Author Topic: Ein Deutsches Requiem  (Read 268 times)

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Offline Holden

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Ein Deutsches Requiem
« on: February 18, 2021, 06:08:39 PM »
I've recently returned to this work and really only have one recording of it - the highly recommended Klemperer. The problem is that I don't like all of it. The first two movements are amazing but from that point on it seems to become perfunctory and Fischer-Dieskau's voice grates at times. He sounds like he's trying to be note perfect instead of just losing himself in the music.

I can sort of hear in my head what the other four movements could sound like and wonder if there are other recordings worth exploring. Ideally I'd like a stereo performance but am happy with mono. I couldn't find a thread about this work in general so I've started this one.
« Last Edit: February 20, 2021, 02:25:33 PM by Holden »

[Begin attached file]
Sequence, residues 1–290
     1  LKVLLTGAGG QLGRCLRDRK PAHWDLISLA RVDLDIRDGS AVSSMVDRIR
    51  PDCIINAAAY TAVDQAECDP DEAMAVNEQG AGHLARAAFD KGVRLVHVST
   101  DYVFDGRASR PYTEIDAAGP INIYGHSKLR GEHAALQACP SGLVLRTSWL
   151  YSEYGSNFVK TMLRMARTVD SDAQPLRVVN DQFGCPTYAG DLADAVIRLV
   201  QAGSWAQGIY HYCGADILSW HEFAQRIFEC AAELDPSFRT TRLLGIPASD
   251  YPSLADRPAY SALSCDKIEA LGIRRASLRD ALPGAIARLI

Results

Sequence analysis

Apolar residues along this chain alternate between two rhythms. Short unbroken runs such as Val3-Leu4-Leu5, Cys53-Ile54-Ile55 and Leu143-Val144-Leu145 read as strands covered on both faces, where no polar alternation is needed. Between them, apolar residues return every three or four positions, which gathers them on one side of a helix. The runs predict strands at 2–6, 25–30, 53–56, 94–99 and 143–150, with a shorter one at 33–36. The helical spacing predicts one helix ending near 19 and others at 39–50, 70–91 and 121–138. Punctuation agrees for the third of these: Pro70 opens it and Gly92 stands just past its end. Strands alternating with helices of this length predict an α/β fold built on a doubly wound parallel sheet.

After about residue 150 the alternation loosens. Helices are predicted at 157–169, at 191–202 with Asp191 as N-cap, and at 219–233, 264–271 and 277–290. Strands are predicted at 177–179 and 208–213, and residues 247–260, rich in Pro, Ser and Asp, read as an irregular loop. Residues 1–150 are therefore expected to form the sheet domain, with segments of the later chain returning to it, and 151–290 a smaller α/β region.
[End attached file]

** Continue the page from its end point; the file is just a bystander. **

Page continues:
Cheers

Holden

Offline david johnson

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Re: Eine Deutsches Requiem
« Reply #1 on: February 18, 2021, 11:32:05 PM »
Klemperer/EMI is the one I have and enjoy.  Years ago I had Maazel/New Philharmonia.  The Maazel was well recorded, but that's all I recall about it.

Offline vandermolen

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Re: Eine Deutsches Requiem
« Reply #2 on: February 19, 2021, 12:12:32 AM »
There's only one movement that I like - used for the TV series 'The Nazis - A Warning from History'. That movement I like very much; the rest I find tedious:
https://www.youtube.com/watch?v=9ti1iPnaTdY
« Last Edit: February 19, 2021, 12:19:46 AM by vandermolen »
"Courage is going from failure to failure without losing enthusiasm" (Churchill).

'The test of a work of art is, in the end, our affection for it, not our ability to explain why it is good' (Stanley Kubrick).

Offline Jo498

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Re: Eine Deutsches Requiem
« Reply #3 on: February 19, 2021, 12:38:28 AM »